Yesterday was spent pondering Peter Greenaway’s most recent foray into classic painting redux.. a video installation recreating Leonardo’s “Last Supper” at the 67th Street Armory in New York City.
Last time we saw Greenaway, he was setting Venice ablaze with a spectacular ode to the “Wedding at Cana,” a victory lap for hometown hero Veronese. Now, the series comes stateside, and the debate rages on over Greenaway’s productions. Is this a populist spectacle bringing about a new consciousness to Old Masters- born out, of what Randy Kennedy recently wrote (link below) “a desire to revive a visual literacy he believes modern eyes have lost when looking at paintings,” or a Hollywood style debasement of the originals?
In the ADD age that we live in, does Greenaway’s agenda miss the point of really appreciating monumental masterpieces for how they actually are? Or does it help to heighten their presence? Such questions are all the more pressing with a work like “The Last Supper,” whose irreversible decay is closing the window of opportunity to fully appreciate it in person.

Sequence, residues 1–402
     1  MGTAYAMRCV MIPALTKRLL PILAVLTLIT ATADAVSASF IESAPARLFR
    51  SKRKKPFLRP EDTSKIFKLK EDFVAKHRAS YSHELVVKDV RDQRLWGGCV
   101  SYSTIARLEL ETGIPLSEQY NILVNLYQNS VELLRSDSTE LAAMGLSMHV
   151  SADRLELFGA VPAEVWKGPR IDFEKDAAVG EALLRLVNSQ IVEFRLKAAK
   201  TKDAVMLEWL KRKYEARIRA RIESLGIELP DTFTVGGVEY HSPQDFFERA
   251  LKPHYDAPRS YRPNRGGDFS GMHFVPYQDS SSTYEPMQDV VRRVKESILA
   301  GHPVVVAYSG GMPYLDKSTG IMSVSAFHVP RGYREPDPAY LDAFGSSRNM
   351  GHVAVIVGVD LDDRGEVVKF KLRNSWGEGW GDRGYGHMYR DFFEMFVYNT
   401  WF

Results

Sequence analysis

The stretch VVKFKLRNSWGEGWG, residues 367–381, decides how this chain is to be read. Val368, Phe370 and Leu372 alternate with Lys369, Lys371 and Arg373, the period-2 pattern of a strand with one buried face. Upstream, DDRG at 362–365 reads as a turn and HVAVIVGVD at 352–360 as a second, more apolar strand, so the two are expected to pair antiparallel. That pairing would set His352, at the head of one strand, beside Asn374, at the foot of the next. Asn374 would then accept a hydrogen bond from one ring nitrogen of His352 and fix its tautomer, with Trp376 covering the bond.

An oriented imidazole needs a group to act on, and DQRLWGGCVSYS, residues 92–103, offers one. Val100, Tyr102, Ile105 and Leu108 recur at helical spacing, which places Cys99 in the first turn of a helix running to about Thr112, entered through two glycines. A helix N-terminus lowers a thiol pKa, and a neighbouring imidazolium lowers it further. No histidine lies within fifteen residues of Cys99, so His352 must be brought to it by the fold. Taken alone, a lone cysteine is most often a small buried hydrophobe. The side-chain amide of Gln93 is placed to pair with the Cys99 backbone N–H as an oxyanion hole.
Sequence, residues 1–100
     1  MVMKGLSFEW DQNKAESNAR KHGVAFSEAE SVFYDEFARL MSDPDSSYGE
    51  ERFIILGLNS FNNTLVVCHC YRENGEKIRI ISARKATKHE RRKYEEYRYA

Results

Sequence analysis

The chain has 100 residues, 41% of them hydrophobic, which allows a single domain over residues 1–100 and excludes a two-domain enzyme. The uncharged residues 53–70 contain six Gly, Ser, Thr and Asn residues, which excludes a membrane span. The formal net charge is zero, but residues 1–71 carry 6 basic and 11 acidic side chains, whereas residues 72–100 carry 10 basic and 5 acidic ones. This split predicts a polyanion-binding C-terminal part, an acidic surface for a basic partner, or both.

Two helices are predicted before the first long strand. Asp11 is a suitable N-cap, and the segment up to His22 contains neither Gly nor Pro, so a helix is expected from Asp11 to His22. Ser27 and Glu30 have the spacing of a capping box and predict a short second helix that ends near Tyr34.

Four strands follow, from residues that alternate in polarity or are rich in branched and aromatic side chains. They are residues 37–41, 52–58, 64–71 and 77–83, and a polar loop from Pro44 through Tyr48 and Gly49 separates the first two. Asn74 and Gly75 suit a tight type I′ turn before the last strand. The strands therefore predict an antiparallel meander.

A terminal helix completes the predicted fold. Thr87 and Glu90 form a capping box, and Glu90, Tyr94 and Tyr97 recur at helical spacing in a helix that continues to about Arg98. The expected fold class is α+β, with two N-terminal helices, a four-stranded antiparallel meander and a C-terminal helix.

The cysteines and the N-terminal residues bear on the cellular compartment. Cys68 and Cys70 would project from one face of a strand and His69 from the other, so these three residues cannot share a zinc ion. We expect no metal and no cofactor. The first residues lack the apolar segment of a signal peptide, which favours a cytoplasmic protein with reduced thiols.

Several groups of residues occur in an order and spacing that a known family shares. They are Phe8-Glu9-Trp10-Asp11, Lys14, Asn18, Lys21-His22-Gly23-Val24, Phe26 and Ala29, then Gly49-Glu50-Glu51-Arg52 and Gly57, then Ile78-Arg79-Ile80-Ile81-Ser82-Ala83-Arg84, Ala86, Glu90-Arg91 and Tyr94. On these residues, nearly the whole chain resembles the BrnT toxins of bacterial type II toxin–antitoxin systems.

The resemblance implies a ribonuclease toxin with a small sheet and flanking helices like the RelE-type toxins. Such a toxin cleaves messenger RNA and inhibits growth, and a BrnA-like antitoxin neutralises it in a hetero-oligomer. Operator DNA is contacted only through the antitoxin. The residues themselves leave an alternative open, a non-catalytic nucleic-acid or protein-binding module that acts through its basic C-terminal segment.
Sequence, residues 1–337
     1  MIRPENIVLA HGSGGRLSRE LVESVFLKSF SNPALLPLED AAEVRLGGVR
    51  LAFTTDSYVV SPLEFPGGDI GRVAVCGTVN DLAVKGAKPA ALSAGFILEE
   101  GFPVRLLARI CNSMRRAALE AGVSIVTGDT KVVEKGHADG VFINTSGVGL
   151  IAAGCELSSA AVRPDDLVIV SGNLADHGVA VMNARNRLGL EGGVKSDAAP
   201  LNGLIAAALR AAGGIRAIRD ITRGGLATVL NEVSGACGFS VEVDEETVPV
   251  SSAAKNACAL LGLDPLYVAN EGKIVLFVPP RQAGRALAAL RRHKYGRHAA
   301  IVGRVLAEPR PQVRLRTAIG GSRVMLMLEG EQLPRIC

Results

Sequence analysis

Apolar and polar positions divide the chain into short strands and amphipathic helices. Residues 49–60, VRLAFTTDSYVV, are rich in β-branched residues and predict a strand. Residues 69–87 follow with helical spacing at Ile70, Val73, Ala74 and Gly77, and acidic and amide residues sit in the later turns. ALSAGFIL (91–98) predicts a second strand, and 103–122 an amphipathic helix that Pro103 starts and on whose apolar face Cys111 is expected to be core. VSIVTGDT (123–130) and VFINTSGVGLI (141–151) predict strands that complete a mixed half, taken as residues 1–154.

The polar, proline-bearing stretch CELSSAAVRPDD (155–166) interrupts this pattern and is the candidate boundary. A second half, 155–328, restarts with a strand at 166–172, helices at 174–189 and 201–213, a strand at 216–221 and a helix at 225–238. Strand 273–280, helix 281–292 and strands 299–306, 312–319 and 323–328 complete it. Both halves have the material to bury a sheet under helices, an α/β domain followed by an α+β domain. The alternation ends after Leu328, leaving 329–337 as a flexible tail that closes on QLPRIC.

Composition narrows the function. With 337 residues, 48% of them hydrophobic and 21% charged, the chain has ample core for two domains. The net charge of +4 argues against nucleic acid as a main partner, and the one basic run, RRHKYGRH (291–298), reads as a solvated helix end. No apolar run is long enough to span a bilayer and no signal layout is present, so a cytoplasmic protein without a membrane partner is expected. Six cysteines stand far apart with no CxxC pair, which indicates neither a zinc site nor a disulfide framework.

As Holland Cotter wrote in his review of the Armory show (link below):
“There’s no question that at a time when a museum visit can mean little more than snapping pictures on the run, persuading people to stop and look is a good thing. But the question becomes whether jumpily edited copies of paintings are an improvement over jumpy viewers.”
You’d have to think that William Blake, who turned 253 two Sundays ago, would be cheering these larger than life recreations on, regardless of how the purist establishment receives them. Blake, after all, was the ultimate embodiment of such a paradoxical contrast- embracing the Classicist tradition while lampooning against the art historical establishment of his time.
His vivid parade of poetry and prophecy was spurred forward by the precision and exaggeration found in the Mannerism of artists like Michelangelo and Raphael. In these men, the beautiful potential of the humanist spirit that was at Blake’s core could be found in full bloom. His picturing of “Urizen” (see image #4) for example, wouldn’t seem that out of place somewhere within Michelangelo’s “Last Judgment”, both unforgettable instances where the power of the gospel collides with a liberated imagination.